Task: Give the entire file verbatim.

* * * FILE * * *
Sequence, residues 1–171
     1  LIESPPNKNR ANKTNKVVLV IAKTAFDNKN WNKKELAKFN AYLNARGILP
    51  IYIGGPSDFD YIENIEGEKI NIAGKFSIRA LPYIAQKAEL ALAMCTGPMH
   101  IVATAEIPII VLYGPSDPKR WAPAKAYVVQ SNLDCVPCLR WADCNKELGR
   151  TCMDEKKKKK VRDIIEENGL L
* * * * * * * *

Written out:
Sequence, residues 1–171
     1  LIESPPNKNR ANKTNKVVLV IAKTAFDNKN WNKKELAKFN AYLNARGILP
    51  IYIGGPSDFD YIENIEGEKI NIAGKFSIRA LPYIAQKAEL ALAMCTGPMH
   101  IVATAEIPII VLYGPSDPKR WAPAKAYVVQ SNLDCVPCLR WADCNKELGR
   151  TCMDEKKKKK VRDIIEENGL L